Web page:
- Download our Moving to Norway Guide (PDF)
Depending on an expat’s country of origin, a residence permit for work (previously called a work permit) may be required before taking up employment in Norway, and this should be applied for at the Norwegian embassy in their home country.
There are also a number of agencies that can help facilitate the process of getting a visa or work permit for Norway from within the country.
Applying for a work permit in Norway
Generally speaking, citizens of the European Union (EU) and European Economic Area (EEA) countries (including the UK) do not need a work permit or to apply for a residence permit in Norway for a short time.
Information about work permits and regulations for both EEA and non-EEA citizens are available directly from the Norwegian Directorate of Immigration (UDI) website. The Norwegian Labour and Welfare Administration (NAV) also gives information on work permits for individual countries. NAV handles all work-related issues and is a good resource when looking for work.
Work permits for EU citizens
EEA nationals with a valid identity card or passport can legally move to Norway and look for a job without a work permit for up to six months. They must register their presence in the country as a job seeker with the police within the first three months of their arrival. If they have not found a job after six months, they are required to leave Norway. They can return soon after and begin the process again.
Work permits for non-EU citizens
Expats from countries outside the EU and EEA will have different processes to go through depending on the kind of work they want to do. Officially, expats applying for a residence permit for work must already have found a job.
Skilled workers in Norway
Skilled workers are required to have either completed vocational training or a university degree, depending on their profession. There has to be a corresponding qualification in Norway. Permits are only granted based on experience in exceptional circumstances.
Certain skilled workers will also have to have their qualifications approved by a state organisation such as, for instance, the Norwegian Registration Authority for Health Personnel (SAFH) for doctors and nurses.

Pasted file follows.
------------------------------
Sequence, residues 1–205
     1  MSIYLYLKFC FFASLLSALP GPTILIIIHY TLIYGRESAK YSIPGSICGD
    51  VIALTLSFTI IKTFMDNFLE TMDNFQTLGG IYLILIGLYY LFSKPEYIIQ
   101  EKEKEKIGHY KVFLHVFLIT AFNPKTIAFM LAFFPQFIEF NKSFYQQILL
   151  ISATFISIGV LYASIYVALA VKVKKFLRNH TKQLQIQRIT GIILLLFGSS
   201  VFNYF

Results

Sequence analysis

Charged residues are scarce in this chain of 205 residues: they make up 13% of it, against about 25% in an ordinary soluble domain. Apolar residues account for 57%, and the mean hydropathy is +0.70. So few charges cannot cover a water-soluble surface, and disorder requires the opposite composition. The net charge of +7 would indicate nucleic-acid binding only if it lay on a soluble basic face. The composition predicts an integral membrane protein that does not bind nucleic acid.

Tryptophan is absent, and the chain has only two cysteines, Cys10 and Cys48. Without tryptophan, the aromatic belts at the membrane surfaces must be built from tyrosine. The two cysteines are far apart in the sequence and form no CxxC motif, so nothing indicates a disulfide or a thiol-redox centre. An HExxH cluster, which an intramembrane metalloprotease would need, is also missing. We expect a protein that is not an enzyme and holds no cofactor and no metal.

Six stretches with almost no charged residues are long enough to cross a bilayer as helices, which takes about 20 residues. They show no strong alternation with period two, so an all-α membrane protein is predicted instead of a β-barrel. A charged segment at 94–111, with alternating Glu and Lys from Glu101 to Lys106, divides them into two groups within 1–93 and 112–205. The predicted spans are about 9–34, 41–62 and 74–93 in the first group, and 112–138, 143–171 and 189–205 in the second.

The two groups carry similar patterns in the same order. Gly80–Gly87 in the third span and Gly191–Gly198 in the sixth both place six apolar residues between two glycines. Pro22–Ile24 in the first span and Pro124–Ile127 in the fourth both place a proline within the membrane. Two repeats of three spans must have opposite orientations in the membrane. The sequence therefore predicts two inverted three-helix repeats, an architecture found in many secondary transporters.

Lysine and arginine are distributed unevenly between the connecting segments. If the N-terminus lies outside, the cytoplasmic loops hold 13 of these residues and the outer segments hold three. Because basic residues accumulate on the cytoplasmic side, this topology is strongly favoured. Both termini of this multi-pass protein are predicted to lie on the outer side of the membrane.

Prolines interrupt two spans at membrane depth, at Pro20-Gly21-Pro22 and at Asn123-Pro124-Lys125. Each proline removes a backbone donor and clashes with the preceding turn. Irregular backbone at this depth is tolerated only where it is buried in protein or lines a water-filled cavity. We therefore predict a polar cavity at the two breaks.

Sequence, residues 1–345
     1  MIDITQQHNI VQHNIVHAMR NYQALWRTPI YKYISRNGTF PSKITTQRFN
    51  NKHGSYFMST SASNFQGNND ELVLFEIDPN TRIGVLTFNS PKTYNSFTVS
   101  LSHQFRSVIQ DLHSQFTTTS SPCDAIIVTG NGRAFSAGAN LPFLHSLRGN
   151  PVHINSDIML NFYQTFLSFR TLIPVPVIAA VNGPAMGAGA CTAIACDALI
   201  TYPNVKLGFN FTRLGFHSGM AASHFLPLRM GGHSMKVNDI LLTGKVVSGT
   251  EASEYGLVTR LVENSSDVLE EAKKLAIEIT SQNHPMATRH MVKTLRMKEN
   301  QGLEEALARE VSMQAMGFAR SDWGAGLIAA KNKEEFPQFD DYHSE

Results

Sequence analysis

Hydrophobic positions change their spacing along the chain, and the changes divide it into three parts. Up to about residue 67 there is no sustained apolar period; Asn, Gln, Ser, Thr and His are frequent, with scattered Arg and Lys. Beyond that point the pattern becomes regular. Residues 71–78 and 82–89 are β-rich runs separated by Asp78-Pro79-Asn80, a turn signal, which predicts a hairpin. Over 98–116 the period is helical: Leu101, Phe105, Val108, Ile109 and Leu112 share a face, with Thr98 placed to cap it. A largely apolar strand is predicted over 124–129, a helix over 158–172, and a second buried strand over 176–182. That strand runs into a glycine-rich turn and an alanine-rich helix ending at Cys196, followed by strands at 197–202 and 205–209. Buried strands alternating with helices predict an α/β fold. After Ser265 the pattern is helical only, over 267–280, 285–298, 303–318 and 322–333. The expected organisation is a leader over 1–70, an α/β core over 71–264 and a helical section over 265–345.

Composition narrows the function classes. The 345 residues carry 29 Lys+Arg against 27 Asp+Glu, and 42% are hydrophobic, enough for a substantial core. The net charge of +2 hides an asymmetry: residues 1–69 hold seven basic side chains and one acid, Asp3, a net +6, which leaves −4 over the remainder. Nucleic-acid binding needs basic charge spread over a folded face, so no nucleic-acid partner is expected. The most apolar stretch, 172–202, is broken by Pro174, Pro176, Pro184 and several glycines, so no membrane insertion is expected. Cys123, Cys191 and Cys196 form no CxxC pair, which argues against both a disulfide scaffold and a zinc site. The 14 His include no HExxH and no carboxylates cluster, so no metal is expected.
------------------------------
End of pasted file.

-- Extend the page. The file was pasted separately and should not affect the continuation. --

Successful applicants can get a permit that is valid for one to three years at a time. After three years, a skilled worker can apply for a permanent residence permit in Norway. It is usually possible for family to apply to live with the main permit holder.
It's possible to change jobs if working for a Norwegian employer, as long as the same type of work is performed.
*Visa and work permit regulations may change at short notice, and expats should contact their nearest Norwegian consulate or the Norwegian Directorate of Immigration for the latest information.
►Visit the Norwegian Directorate of Immigration (UDI) website for more
►Working in Norway gives information on the job market and employment
►Find out more about local business culture with Doing Business in Norway
"As they say, everything takes time. It was a process to apply for working rights, which we did from New York, and then once we moved, we had to apply again here. I finally have the right to work and receive benefits here. For the kids, it was easier because they are citizens."
Learn more about working in Norway in our interview with American expat Laura.
Are you an expat living in Norway?
Expat Arrivals is looking for locals to contribute to this guide, and answer forum questions from others planning their move to Norway. Please contact us if you'd like to contribute.
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